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When the CEO of a local biotech company saw actress Glenn Close at a party, he asked for more than her autograph. He wanted to take a peek at her DNA.

Jay Flatley, who runs Illumina, hoped to take an in-depth look at the three billion ladder rungs that make up a strand of Close’s DNA. This analysis, called genome sequencing, would tell the Fatal Attraction star about her genetic risk of developing disease. In return, her participation would give Illumina major attention.

Close said yes, and Illumina scored in the genome-sequencing publicity sweepstakes — but not for long. Three months after Illumina announced its Close connection in March, a competitor, Carlsbad’s Life Technologies, countered with a celebrity of its own. It would sequence the DNA of rocker Ozzy Osbourne, who joked the results might explain why he’s still alive after biting off a bat’s head and enduring years of drug use.

This isn’t the first case of one-upmanship between the two companies. They’ve been going after each other for a decade in a chase for a monumental prize: They each want to be the first to sequence a person’s entire genome for $1,000, a feat that could usher in big changes in medical treatment.

A decade ago, in contrast, it cost $300 million to sequence a genome.

What does Hollywood have to do with it? It’s not just about attracting attention and investors, although Illumima’s stock price hit its highest level in five months after it announced its arrangement with Close. Shaf Yousaf, the head of market development for Life Technologies, said he hopes the celebrity-induced exposure will help the public feel more comfortable with the genome-sequencing concept.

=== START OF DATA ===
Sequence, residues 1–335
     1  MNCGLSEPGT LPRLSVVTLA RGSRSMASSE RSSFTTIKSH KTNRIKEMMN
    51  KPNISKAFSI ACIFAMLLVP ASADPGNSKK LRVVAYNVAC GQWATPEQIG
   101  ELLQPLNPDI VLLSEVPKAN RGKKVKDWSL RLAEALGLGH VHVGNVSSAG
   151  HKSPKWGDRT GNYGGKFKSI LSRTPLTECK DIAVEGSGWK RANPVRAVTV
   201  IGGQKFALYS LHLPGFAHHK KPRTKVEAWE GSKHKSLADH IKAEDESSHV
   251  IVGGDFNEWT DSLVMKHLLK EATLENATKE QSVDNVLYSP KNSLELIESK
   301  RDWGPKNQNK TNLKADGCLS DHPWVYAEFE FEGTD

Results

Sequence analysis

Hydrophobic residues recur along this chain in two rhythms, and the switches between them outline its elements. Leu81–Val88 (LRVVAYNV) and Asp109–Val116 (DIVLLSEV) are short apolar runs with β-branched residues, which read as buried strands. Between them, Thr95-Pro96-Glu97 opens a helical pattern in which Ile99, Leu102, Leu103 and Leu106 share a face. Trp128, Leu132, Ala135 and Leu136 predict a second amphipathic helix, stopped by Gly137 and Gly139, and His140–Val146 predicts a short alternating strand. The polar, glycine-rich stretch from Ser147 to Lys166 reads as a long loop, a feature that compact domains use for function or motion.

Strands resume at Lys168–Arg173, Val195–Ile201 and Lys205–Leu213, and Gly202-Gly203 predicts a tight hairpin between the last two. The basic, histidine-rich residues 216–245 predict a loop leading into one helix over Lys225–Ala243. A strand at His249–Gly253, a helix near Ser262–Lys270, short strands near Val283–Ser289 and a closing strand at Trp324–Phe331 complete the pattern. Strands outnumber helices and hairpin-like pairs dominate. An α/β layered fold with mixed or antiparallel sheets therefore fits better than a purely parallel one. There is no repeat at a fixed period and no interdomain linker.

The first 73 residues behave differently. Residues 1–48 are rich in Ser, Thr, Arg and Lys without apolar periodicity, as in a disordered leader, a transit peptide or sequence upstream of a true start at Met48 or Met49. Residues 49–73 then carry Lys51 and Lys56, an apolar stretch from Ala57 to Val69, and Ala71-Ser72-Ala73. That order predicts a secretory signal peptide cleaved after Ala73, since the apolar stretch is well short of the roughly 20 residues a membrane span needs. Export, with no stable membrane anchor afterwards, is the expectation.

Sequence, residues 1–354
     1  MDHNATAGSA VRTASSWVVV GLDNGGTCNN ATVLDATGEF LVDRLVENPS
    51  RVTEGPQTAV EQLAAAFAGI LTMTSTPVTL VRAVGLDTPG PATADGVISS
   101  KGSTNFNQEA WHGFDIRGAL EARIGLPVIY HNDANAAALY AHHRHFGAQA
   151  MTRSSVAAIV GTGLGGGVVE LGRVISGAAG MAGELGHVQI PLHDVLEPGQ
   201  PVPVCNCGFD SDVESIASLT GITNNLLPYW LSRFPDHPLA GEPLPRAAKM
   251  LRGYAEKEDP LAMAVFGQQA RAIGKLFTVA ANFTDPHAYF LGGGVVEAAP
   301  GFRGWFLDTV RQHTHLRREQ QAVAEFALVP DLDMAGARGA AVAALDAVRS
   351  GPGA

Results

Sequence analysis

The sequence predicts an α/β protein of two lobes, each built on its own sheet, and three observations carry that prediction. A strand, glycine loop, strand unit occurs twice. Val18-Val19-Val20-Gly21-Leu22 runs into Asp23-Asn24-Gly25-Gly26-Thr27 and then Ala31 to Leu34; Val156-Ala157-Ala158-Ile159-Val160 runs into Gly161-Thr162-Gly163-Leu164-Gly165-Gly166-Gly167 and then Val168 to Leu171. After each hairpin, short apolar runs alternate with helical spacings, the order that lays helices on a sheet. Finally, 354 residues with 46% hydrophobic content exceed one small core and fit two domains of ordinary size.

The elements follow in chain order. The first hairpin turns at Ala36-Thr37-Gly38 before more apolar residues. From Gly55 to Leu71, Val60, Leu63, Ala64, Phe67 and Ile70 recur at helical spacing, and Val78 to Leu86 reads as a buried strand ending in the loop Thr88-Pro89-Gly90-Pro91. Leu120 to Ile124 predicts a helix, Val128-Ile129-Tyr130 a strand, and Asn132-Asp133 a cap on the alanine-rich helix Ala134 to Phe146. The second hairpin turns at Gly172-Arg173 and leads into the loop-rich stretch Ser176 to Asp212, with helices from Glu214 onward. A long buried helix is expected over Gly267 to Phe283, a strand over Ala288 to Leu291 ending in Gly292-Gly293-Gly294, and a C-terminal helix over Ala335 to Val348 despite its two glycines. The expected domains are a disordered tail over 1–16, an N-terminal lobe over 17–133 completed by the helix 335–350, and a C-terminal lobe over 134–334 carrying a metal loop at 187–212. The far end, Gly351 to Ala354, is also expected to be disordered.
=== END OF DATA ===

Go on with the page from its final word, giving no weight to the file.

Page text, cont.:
“The public tends to be suspicious of DNA-based improvements, like genetic testing and genetically modified crops,” he said.

Critics say the public has reason to be skeptical of the former. Doctors and government regulators worry that people taking genetic tests on their own won’t understand their results and may get bad news about their medical fates without any counseling or perspective.

Existing genetic tests, which can be bought online for as little as a few hundred dollars, only look at a few key locations in a person’s DNA and provide insight into a person’s risk of developing a small number of diseases.

While genetic tests are like the CliffsNotes to a genome, genetic sequencing tests are the full book, providing the order of every ladder rung in a person’s DNA. This information will help doctors look for genetic diseases like Alzheimer’s that are caused by multiple mutations on a DNA strand. In the future, the technology could also help doctors sequence cancer tumors to find their specific weaknesses and customize drugs for a patient’s unique genetic makeup.

Flatley, the Illumina CEO, said the company will require a doctor’s prescription for genome sequencing. The company will return the results to the doctor to explain the findings to the patient.